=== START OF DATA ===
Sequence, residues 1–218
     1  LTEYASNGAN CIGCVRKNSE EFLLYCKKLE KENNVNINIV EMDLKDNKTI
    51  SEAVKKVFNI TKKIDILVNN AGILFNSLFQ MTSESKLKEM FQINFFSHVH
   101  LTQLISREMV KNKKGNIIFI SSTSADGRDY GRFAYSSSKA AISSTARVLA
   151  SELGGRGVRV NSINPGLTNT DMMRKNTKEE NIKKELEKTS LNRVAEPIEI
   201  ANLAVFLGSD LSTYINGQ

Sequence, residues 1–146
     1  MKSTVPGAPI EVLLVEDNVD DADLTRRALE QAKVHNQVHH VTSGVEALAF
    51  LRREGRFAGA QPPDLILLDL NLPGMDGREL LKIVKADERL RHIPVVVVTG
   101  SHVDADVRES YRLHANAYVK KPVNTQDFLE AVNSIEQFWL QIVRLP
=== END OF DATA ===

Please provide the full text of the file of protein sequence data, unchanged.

Sequence, residues 1–218
     1  LTEYASNGAN CIGCVRKNSE EFLLYCKKLE KENNVNINIV EMDLKDNKTI
    51  SEAVKKVFNI TKKIDILVNN AGILFNSLFQ MTSESKLKEM FQINFFSHVH
   101  LTQLISREMV KNKKGNIIFI SSTSADGRDY GRFAYSSSKA AISSTARVLA
   151  SELGGRGVRV NSINPGLTNT DMMRKNTKEE NIKKELEKTS LNRVAEPIEI
   201  ANLAVFLGSD LSTYINGQ

Sequence, residues 1–146
     1  MKSTVPGAPI EVLLVEDNVD DADLTRRALE QAKVHNQVHH VTSGVEALAF
    51  LRREGRFAGA QPPDLILLDL NLPGMDGREL LKIVKADERL RHIPVVVVTG
   101  SHVDADVRES YRLHANAYVK KPVNTQDFLE AVNSIEQFWL QIVRLP